And yes, bonnyboy was in the Middle Groyne carpark when I arrived in the dark this morning. He was chatting with tunny and diesel and copying down the recipe for boiled longtail (a little prematurely, as it turned out). Ominously, on the roof of his van was a Hobie pedal craft (Outback or Revo). Even more ominous was the crump of the shorey. We three offered him launch advice, additional to the detailed written advice he'd already received via our new-member joining system.

The tide was over half way in, so the shorey wasn't too bad. Out we went, apparently without problem, other than the expected wet bums. But then no one knew where bonnyboy (no radio, no GPS) was. He'd been seen heading for the beach, Hobie in tow but apparently didn't make the set up area, out the back. In the end, we could do nothing, as no one had actually seen him attempt to launch. The rest of us, of course, were in contact with each other by radio; tunny opted to head to Little Halls Reef while the rest of us headed for Jew Shoal, led by diesel.

Half way to Jew Shoal a surprise. Dugout (long time Noosa Yakkers member and occasional Noosa resident) called up for a radio check, telling us he had launched from Coward's Corner, and was also heading for Jew Shoal.

I was intent on catching a snapper so headed for my favourite SP drift area for a SW breeze. Diesel was recycling some mac tuna, jaro used prawns, dugout was trolling for mackerel, while jimbo and gemini opted to chase the tuna schools with slugs (not the garden variety). Gemini hooked up really quickly.

Gemini's mac tuna as seen by his GoPro.

Then jaro announced he had a shark on. Dugout, who is not a Victorian, but lives there a fair bit, offered to take it off his hands. So that was dinner sorted in the dugout household.

Meanwhile, all around us, terns were fluttering and diving and eruptions of white water showed where the baitfish were being smashed.

Two shots from gemini's GoPro as he approached the bustups.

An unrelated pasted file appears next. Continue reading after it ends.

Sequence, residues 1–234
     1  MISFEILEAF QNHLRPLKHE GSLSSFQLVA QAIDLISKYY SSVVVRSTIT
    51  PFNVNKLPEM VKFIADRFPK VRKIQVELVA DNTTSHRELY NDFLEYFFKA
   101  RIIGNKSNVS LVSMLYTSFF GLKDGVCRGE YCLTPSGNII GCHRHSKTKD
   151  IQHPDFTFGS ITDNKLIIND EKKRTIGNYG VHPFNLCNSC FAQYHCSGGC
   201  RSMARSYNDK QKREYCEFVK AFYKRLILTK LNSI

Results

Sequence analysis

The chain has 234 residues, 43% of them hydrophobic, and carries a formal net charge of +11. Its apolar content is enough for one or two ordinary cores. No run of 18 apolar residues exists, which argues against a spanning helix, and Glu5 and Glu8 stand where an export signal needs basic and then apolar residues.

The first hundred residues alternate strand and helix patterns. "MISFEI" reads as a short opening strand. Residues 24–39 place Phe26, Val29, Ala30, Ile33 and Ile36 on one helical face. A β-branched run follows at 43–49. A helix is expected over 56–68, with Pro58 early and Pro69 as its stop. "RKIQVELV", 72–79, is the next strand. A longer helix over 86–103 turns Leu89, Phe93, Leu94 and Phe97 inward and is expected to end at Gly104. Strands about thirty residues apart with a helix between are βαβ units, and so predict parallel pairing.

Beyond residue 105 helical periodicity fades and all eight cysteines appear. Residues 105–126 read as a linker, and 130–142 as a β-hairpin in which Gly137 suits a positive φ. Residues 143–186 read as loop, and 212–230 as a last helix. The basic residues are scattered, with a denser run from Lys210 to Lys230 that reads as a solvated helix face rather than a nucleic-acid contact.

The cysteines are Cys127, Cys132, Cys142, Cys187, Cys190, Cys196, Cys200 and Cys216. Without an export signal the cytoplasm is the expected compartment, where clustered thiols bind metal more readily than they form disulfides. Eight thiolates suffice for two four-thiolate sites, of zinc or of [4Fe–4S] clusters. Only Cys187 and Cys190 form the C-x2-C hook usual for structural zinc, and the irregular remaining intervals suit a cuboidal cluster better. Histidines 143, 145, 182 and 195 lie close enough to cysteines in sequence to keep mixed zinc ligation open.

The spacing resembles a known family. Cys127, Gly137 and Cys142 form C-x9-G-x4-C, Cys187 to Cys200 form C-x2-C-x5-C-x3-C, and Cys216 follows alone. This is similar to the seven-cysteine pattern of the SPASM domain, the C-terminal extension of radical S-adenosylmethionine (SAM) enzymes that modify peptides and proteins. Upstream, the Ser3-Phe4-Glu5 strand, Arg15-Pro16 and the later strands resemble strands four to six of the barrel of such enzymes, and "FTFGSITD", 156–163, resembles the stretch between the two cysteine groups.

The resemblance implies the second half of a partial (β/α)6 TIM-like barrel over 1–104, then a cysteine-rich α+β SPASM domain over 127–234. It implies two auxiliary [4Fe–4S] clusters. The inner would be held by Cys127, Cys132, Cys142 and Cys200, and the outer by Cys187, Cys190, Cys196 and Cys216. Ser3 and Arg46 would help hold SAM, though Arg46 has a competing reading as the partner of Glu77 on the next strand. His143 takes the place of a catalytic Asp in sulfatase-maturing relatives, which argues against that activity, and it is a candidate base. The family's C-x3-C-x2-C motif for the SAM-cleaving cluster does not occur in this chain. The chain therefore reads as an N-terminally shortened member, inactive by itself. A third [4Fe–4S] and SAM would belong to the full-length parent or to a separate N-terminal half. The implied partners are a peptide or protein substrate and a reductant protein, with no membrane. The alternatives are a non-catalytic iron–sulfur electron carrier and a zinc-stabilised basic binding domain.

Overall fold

I fished on and eventually got a good solid run on my cast SP but the hook dislodged after a few seconds (bugger!). Shortly afterward jaro confirmed that snapper were present by telling us he'd boated a 50cm specimen. Then I got another run, spool buzzing as it released line and again the hook failed to find a firm hold (double bugger).

Diesel, meanwhile, was continuing his informal survey of species present at Jew Shoal.

Spangled emperor (undersize, min 45cm)

Maori cod (undersize, min 45cm)

Yellowlip Threadfin Bream, Nemipterus aurifilum (Ogilby 1910) (aka butterfly bream)

And finally, a keeper

Tunny reported no action at Little Halls Reef and that he was heading in as he had to be home early today. Shortly afterward, with tunny's arrival at Middle Groyne, the mystery of bonnyboy's whereabouts was cleared up. Tunny found him still in the car park, eating canned tuna (alright, I made that up) and doing makeshift repairs on his fishing gear. Yes, he'd been smashed in the small surf, with terminal damage to some vital fishing equipment. Ask him, maybe he'll tell you the story or maybe the pic he supplied this arvo will do the job (see below).

At least two smashed rods as far as I can tell, and all the reels will need servicing. Don't transit the surf zone with rods held vertically.

Bonnyboy, we appreciate your candor in sending us this pic. Perhaps you should consider buying a kayak Rod Bag (Google "pedro's rod bags"), invented and sold by Noosa Yakkers' member pedro, who uses a Hobie Revolution and launches from Middle Groyne.

Shortly afterward we were all heading back. The tide by now was high but dropping and the Middle Groyne sand monster was on the prowl. Several baby surfers were blocking our usual entrance (surely school holidays must end soon) so some of us opted for the eastern side of the groyne. The shorey was spectacularly nasty.

Experimental embed from instagram (15 sec movie)

Thanks for reading and thanks to my companions today for coming along.

Kev Long
Author Kayak Fishing Manual for iPhone, iPad and Mac (click linked text to view)
Stealth Supalite X, yellow/orange
FREE iBook "Kayak Fishing Laguna Bay & Jew Shoal" for iPhone, iPad and Mac